Editorial Reviews. About the Author. Nikos Kazantzakis was born in Crete in He studied site Store · site eBooks · Literature & Fiction. In this story, Jesus is presented as both fully human and fully devine, free of sin but subject to all temptations. Kazantzakis, Nikos, The Last Temptation of Christ or The Last Temptation (Greek: Ο Τελευταίος Πειρασμός, O Teleftéos Pirasmós) is a. Read "The Last Temptation of Christ" by Nikos Kazantzakis available from Rakuten Kobo. Sign up today and get $5 off your first download. The internationally.

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Read "The Last Temptation of Christ" by Nikos Kazantzakis available from Rakuten Kobo. The internationally renowned novel about the life and death of Jesus. This was the Last Temptation which came in the space of a lightning flash to trouble the Saviour's final moments. But all at once Christ shook his head violently. The internationally renowned novel about the life and death of Jesus Christ. Hailed as a masterpiece by critics worldwide, The Last Temptation of Christ is a.

It is repetitive, self-contradictory, sententious, foolish, and even at times ill-intentioned.

Not surprisingly, some Bible fans got very offended. And, like it or not, to consistently sell to and be read or at least perused by billions throughout the world is an impressive feat, regardless of relative literary quality.


Taken as a whole, the Bible is most certainly a foundational document of Western civilization, though it is by no means the only one. To Nikos Kazantzakis, however, the message of the New Testament was as simple and relevant as it ever had been or will be: to be Christlike is to live simply, care for your neighbors, and, ultimately, to renounce those temptations toward sin that would prevent us from doing the same.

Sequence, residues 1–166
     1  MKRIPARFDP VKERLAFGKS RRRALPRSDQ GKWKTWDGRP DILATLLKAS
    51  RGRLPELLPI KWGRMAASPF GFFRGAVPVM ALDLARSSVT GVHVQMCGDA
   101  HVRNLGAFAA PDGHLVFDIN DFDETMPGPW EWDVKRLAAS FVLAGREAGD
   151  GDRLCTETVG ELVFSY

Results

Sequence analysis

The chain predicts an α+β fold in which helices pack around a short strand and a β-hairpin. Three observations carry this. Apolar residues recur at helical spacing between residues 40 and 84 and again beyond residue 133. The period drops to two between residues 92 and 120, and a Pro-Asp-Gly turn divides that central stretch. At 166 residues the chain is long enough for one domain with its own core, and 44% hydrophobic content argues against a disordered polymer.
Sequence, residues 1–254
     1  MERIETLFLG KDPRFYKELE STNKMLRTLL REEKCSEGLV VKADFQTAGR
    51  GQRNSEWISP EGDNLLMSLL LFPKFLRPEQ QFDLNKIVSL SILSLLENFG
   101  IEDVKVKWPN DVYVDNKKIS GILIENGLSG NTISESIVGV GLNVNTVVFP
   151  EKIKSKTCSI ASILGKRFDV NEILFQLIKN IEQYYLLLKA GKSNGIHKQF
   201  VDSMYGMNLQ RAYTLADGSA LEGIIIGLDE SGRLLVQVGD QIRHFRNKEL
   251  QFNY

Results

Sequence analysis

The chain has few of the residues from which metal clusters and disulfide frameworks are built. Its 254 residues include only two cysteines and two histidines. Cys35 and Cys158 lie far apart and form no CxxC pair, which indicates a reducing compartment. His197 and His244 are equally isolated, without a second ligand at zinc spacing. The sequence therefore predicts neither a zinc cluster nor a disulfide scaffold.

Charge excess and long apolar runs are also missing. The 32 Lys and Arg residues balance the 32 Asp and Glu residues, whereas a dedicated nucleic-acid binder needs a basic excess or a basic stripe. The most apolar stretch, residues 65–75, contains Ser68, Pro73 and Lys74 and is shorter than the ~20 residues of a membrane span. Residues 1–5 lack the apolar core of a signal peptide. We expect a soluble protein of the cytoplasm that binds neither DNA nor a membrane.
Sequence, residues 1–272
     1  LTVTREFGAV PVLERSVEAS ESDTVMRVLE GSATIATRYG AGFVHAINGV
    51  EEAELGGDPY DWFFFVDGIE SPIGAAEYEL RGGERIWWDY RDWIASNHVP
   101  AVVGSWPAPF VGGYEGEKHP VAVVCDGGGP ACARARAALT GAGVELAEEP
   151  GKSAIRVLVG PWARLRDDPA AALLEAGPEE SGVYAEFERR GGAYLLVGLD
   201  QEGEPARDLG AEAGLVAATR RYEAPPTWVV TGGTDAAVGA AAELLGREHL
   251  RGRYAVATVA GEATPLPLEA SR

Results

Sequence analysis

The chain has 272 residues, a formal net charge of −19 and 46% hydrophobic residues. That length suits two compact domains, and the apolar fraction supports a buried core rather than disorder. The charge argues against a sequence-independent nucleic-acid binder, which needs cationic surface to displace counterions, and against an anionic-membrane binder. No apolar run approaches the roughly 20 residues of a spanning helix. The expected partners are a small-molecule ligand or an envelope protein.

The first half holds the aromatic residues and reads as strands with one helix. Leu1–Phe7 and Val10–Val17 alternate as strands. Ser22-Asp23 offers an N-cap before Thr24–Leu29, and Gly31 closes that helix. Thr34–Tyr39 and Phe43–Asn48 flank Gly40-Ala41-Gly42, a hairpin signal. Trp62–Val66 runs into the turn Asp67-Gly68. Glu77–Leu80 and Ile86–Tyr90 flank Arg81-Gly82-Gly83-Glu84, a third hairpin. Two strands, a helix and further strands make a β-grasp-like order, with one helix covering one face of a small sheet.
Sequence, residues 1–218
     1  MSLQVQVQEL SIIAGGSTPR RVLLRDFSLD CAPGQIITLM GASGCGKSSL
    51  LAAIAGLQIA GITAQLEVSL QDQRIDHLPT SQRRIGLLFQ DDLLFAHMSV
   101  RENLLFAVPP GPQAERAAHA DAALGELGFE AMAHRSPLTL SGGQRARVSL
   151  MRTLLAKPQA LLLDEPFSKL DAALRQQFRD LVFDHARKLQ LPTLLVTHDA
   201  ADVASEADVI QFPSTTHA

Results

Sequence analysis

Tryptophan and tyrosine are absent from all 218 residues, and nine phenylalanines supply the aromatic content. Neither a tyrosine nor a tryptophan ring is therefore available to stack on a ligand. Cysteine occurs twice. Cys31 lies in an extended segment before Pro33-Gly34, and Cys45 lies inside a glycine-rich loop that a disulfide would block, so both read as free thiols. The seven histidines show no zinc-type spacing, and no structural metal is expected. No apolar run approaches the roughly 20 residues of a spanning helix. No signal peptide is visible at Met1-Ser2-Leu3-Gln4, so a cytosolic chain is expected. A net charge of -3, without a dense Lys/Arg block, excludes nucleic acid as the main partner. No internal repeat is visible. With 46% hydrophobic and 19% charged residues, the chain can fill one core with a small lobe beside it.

Book: The Last Temptation of Christ

Hence the title of the book. His version of the historical Jesus is a soul-searching, complicated, flawed, and decidedly humane figure, one that we can all, at least in part, relate to.

He is a man tempted by the most common earthly delights such as romance, comfort, wealth, and power. His divinity derives from his struggle to rise above them all. Kazantzakis is at one with Camus in his insistence upon a revolt against the guaranteed frustration of all actions.

For Camus also, the inevitable outcome of a life imbued with the desire for short-term sensual pleasure is a movement towards asceticism. Both Camus and Kazantzakis maintain that one must cry out against futility and frustration.


Kazantzakis asserts that, like the light that remains after an exploding star, this cry must remain after the voice no longer exists.

In his work, Kazantzakis retained a hope for himself and the future progression of humanity.

Although he came close, he was never awarded the Nobel Prize, narrowly missing out to Juan Ramon Jimenez in I had the pleasure of being able to give public testimony of my admiration in Athens, at a period when official Greece was frowning upon her greatest writer. I also do not forget that the very day when I was regretfully receiving a distinction that Kazantzakis deserved a hundred times more, I got the most generous of telegrams from him.

Later on, I discovered with consternation that this message had been drafted a few days before his death. With him, one of our last great artists vanished. I am one of those who feel and will go on feeling the void that he has left.

This telegram was sent from a clinic in Freiburg, Germany, where Kazantzakis spent his last days, cheered by a visit from Albert Schweitzer, before he passed away on October 26, Kazantzakis was one those rare breeds who felt the pulsating rhythm of life pumping through his veins and was able to transfer this rhythm into his works. He penetrated to the core of human passions, hopes and fears and managed to distil this into the very marrow of his characters.

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About The Book. About The Author. Nikos Kazantzakis.

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Also read my other posts. One of my hobbies is test cricket. I do fancy reading novels poorly .